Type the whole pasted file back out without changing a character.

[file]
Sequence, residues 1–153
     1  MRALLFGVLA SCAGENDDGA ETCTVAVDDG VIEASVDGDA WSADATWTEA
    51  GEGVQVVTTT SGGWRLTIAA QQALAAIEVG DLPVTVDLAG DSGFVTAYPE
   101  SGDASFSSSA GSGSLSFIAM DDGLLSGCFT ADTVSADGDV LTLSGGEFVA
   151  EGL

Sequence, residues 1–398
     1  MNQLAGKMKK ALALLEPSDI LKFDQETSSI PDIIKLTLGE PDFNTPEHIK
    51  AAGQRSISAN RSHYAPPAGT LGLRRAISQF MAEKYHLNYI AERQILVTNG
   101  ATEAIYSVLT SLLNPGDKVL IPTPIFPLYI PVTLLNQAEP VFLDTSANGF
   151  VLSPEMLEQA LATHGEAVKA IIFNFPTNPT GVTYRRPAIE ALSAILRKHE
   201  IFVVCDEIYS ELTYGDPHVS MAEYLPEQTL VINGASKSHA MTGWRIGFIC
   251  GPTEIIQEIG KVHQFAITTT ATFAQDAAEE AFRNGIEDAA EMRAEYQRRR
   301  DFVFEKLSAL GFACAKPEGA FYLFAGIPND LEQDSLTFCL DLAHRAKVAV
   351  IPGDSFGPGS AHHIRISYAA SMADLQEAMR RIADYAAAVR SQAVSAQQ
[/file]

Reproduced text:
Sequence, residues 1–153
     1  MRALLFGVLA SCAGENDDGA ETCTVAVDDG VIEASVDGDA WSADATWTEA
    51  GEGVQVVTTT SGGWRLTIAA QQALAAIEVG DLPVTVDLAG DSGFVTAYPE
   101  SGDASFSSSA GSGSLSFIAM DDGLLSGCFT ADTVSADGDV LTLSGGEFVA
   151  EGL

Sequence, residues 1–398
     1  MNQLAGKMKK ALALLEPSDI LKFDQETSSI PDIIKLTLGE PDFNTPEHIK
    51  AAGQRSISAN RSHYAPPAGT LGLRRAISQF MAEKYHLNYI AERQILVTNG
   101  ATEAIYSVLT SLLNPGDKVL IPTPIFPLYI PVTLLNQAEP VFLDTSANGF
   151  VLSPEMLEQA LATHGEAVKA IIFNFPTNPT GVTYRRPAIE ALSAILRKHE
   201  IFVVCDEIYS ELTYGDPHVS MAEYLPEQTL VINGASKSHA MTGWRIGFIC
   251  GPTEIIQEIG KVHQFAITTT ATFAQDAAEE AFRNGIEDAA EMRAEYQRRR
   301  DFVFEKLSAL GFACAKPEGA FYLFAGIPND LEQDSLTFCL DLAHRAKVAV
   351  IPGDSFGPGS AHHIRISYAA SMADLQEAMR RIADYAAAVR SQAVSAQQ